inserting ‘‘85(c),’’ before ‘‘135’’.
(6) Section 221(b)(2)(C)(i) of such Code is amended by
inserting ‘‘85(c)’’ before ‘‘911’’.
(7) Section 222(b)(2)(C)(i) of such Code, as in effect before
date of enactment of the Taxpayer Certainty and Disaster
Tax Relief Act of 2020, is amended by inserting ‘‘85(c)’’ before
(8) Section 469(i)(3)(E)(ii) of such Code is amended by
striking ‘‘135 and 137’’ and inserting ‘‘85(c), 135, and 137’’.
(c) EFFECTIVE DATE.—The amendments made by this section
shall apply to taxable years beginning after December 31, 2019.
IR-2021-59, March 17, 2021
WASHINGTON — The Treasury Department and Internal Revenue Service announced today that the federal income tax filing due date for individuals for the 2020 tax year will be automatically extended from April 15, 2021, to May 17, 2021. The IRS will be providing formal guidance in the coming days.
“This continues to be a tough time for many people, and the IRS wants to continue to do everything possible to help taxpayers navigate the unusual circumstances related to the pandemic, while also working on important tax administration responsibilities,” said IRS Commissioner Chuck Rettig. “Even with the new deadline, we urge taxpayers to consider filing as soon as possible, especially those who are owed refunds. Filing electronically with direct deposit is the quickest way to get refunds, and it can help some taxpayers more quickly receive any remaining stimulus payments they may be entitled to.”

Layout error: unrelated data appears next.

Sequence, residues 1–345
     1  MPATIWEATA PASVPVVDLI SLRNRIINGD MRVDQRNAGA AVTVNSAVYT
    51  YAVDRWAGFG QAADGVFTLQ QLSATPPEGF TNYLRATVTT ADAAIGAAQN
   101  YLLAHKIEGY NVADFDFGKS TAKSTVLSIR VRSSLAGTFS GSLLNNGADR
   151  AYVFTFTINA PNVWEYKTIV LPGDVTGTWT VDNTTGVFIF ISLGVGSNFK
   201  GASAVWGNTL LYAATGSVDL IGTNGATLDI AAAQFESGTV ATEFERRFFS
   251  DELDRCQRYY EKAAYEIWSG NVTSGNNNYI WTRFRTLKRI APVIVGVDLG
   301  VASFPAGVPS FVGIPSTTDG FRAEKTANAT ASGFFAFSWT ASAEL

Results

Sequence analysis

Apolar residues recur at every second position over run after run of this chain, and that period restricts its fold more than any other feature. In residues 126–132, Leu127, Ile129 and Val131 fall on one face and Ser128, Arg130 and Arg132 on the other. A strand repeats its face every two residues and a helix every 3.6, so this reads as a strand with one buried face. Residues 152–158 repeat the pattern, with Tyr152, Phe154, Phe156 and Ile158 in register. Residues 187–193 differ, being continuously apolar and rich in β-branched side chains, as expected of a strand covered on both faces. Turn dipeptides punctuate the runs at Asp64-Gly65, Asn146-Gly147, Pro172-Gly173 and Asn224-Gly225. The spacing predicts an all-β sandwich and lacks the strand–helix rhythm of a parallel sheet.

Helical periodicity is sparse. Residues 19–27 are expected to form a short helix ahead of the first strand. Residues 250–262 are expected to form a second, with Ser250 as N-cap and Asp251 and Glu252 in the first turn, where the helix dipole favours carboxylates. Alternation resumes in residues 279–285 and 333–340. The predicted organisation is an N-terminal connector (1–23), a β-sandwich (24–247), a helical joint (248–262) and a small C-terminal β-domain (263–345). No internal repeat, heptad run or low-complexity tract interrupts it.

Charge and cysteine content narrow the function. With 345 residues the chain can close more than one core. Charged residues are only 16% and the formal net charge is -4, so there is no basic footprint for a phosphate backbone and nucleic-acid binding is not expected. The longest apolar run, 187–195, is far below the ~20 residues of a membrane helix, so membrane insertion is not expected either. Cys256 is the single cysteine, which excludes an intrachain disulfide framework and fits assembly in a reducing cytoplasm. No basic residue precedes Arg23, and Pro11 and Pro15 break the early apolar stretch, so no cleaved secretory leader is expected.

Individual taxpayers can also postpone federal income tax payments for the 2020 tax year due on April 15, 2021, to May 17, 2021, without penalties and interest, regardless of the amount owed. This postponement applies to individual taxpayers, including individuals who pay self-employment tax. Penalties, interest and additions to tax will begin to accrue on any remaining unpaid balances as of May 17, 2021. Individual taxpayers will automatically avoid interest and penalties on the taxes paid by May 17.
Individual taxpayers do not need to file any forms or call the IRS to qualify for this automatic federal tax filing and payment relief. Individual taxpayers who need additional time to file beyond the May 17 deadline can request a filing extension until Oct. 15 by filing Form 4868 through their tax professional, tax software or using the Free File link on IRS.gov. Filing Form 4868 gives taxpayers until October 15 to file their 2020 tax return but does not grant an extension of time to pay taxes due. Taxpayers should pay their federal income tax due by May 17, 2021, to avoid interest and penalties.